Hospital Accrediting Organization Names “Top Performing” Hospitals In NC

Fourteen North Carolina hospitals have been labeled as ‘top performing’ by the Joint Commission, the nation’s leading hospital accreditation organization.

The hospitals represent all parts of the state, large community and small, urban and rural. Absent are major medical centers associated with medical schools in the state: Duke, UNC Hospitals, Wake Forest Baptist and Pitt Memorial Hospitals.

Table showing 14 'top performing' hospitals in NC

Joint Commission's 'Top Performing Hospitals' in North Carolina

Almost all hospitals in the country now follow a series of 28 procedures and practices that researchers and Joint Commission accreditors have identified as being the best practices to reduce patient complications and adverse outcomes.  Examples include simple interventions such as giving aspirin to a patient after a heart attack or giving antibiotics before surgical procedures. In the past, researchers found these simple practices were practiced inconsistently, often leading to patient injury.

Tracking the use of these practices has become a standard way of approximating hospital quality.

The Joint Commission defines a hospital as ‘top performing’ when it falls into the top 14 percent of hospitals following what accreditors call a ‘core’ of 22 such procedures and practices. Hospital adherence to these practices has risen sharply in recent years, first after Medicare started publishing hospitals’ performance on the Hospital Compare website and more recently when Medicare announced it would start reducing payment to hospitals not performing enough of the practices.

In a 2010 article published in the New England Journal of Medicine, Joint Commission head Marc Chassin wrote:

Because … virtually all U.S. hospitals participate in them, it is not possible to know how many of these improvements would have occurred in the absence of standardized measurement, Joint Commission accreditation requirements, public reporting, or the threat of Medicare payment penalties.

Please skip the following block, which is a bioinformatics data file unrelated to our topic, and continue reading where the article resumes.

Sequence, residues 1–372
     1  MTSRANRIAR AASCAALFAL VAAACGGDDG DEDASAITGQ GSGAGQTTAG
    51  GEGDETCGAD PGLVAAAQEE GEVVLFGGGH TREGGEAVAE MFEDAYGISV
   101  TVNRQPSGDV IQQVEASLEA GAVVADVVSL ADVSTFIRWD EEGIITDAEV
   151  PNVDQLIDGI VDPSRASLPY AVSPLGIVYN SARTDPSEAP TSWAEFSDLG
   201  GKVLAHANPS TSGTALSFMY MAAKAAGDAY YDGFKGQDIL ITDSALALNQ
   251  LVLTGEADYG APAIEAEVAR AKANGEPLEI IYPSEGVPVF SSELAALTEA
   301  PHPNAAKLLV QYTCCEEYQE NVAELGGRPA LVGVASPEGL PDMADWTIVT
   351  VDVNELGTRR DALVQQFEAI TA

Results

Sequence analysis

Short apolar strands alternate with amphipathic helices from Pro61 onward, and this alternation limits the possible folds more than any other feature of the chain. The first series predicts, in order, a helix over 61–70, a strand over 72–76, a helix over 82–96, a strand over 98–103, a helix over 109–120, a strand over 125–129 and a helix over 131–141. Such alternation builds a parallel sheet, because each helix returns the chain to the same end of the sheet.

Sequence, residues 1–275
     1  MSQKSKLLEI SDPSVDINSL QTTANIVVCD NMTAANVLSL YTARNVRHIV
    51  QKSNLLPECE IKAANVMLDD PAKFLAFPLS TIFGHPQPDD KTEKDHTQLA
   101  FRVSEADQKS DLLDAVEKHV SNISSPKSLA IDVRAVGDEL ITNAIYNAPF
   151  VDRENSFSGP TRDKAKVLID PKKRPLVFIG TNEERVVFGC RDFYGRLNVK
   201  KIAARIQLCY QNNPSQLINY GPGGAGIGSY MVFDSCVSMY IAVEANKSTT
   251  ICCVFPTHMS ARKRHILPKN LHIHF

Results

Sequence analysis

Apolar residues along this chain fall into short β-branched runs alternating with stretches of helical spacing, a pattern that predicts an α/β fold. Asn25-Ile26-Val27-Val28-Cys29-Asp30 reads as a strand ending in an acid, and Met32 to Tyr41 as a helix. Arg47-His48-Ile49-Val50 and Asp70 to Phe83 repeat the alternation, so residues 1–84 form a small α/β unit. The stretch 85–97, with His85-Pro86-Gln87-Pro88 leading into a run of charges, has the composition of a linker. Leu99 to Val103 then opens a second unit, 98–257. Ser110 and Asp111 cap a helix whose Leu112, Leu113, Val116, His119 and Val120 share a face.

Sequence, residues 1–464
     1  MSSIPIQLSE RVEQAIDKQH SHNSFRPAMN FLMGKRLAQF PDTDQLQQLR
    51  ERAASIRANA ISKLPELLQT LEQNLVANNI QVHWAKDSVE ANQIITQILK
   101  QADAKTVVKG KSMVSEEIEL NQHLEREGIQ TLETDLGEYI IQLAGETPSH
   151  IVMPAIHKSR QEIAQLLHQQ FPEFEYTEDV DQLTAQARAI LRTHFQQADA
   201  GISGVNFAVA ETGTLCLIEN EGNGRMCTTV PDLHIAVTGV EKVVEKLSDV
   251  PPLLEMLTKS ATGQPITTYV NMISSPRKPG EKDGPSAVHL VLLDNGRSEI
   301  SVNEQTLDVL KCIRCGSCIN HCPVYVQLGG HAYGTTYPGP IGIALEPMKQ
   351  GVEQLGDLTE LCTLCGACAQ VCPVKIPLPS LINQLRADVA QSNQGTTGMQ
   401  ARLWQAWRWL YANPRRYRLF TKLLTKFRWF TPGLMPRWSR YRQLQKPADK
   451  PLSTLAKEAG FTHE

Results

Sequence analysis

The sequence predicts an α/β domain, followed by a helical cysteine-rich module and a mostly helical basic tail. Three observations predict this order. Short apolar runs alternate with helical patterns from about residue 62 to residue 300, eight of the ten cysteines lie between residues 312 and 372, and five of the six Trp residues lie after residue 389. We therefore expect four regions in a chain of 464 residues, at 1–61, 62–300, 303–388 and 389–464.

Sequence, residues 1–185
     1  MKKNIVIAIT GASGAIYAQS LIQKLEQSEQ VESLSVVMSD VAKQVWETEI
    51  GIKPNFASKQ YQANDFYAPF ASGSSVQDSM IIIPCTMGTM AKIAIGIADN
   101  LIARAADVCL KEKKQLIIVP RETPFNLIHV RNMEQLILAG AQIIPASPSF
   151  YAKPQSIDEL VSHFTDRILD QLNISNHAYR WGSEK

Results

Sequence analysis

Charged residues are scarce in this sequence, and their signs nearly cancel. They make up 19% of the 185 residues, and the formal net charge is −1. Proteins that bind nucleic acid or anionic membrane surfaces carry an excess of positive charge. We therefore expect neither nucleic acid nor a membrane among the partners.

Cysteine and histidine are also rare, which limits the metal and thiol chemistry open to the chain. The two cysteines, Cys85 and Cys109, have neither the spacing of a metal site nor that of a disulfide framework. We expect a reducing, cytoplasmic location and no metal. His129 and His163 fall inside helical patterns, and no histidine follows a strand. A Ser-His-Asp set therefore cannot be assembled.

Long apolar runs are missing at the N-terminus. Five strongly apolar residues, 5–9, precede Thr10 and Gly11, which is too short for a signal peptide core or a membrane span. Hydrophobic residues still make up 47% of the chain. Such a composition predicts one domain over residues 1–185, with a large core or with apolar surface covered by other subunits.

How budget cuts are affecting UNC Health Sciences Library

Walk into the Health Sciences Library at UNC Chapel Hill and you can’t help but miss this display in the window of the main entrance:

Effects of budget cuts on the Health Services Library at UNC.

Window display in the Health Services Library at UNC Chapel Hill

In case you can’t read it in the photo, the text says:

The HSL budget was CUT by 12.7%
The HSL will CANCEL 34 journals.
35 journals will be RENEWED. 4 decisions will be DELAYED.
We will also cut:
Operating Costs, etc.

The journal cancellation program has been underway for 3 years now and library administrators have solicited user feedback in deciding which journals to cut, in part by comparing usage to cost.

According Jake Wiltshire, development and communications head for the Health Sciences Library, no one’s lost a job yet.  Instead, HSL administrators cut vacant positions. Some services (IT, admin) were picked up by a newly ‘convergent’ library system. He says hours have been cut some, but what’s more significant is there are fewer librarians to assist students during those hours the library is open. 

The HSL also got some money from the University provost to keep open, longer.  “Without it,” Wiltshire says “we would have been closed weekends.

We regularly get requests for extended hours, especially from medical students,” he says. Wiltshire points out many of the health sciences schools built their facilities without study areas, relying on the fact the HSL would be there to provide those medical students with places to study – along with nursing, public health and dental students, among others.

But Wiltshire says one of his biggest concerns is access to journals for health care professionals at UNC Hospitals. They use the HSL to do real time research while caring for patients. And those are the people who might be likely to look for an article in a more obscure journal – one that’s been cut because of the budget.

“They need that up-to-date information at the point of care. We’re less equipped to support them,” he says.

Correction: when this post was originally written, the HSL was identified as the Health Services Library, not by it’s correct name as the Health Sciences Library.  D’oh!


As some of you might know, I left North Carolina Public Radio – WUNC at the end of June.

After taking off two months to attend to some family business and rest a little, I’m back blogging and tweeting as I create the infrastructure for an exciting new venture.